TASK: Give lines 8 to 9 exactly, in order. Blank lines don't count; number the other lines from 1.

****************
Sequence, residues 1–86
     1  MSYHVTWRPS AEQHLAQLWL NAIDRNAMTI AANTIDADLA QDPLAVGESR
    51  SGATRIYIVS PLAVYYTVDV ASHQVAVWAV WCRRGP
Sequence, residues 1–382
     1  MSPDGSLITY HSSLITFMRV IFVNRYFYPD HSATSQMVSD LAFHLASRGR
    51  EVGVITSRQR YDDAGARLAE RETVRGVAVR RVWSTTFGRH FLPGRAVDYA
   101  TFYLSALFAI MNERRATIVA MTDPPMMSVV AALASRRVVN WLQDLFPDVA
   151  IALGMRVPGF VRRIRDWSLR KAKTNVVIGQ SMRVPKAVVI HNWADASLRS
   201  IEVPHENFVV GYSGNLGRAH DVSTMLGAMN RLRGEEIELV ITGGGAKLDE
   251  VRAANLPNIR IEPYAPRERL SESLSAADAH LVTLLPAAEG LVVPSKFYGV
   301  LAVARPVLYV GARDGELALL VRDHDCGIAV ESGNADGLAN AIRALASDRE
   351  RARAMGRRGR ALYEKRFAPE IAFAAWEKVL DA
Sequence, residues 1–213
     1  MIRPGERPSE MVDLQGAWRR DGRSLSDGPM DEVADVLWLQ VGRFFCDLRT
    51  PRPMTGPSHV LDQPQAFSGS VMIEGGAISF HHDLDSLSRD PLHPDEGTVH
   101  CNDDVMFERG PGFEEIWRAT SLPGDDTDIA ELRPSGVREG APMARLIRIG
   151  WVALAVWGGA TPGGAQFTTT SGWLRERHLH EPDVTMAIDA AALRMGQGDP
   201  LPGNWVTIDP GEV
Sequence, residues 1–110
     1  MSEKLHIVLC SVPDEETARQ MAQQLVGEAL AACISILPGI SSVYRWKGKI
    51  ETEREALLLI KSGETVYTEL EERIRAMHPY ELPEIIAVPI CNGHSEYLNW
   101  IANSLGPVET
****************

   151  IALGMRVPGF VRRIRDWSLR KAKTNVVIGQ SMRVPKAVVI HNWADASLRS
   201  IEVPHENFVV GYSGNLGRAH DVSTMLGAMN RLRGEEIELV ITGGGAKLDE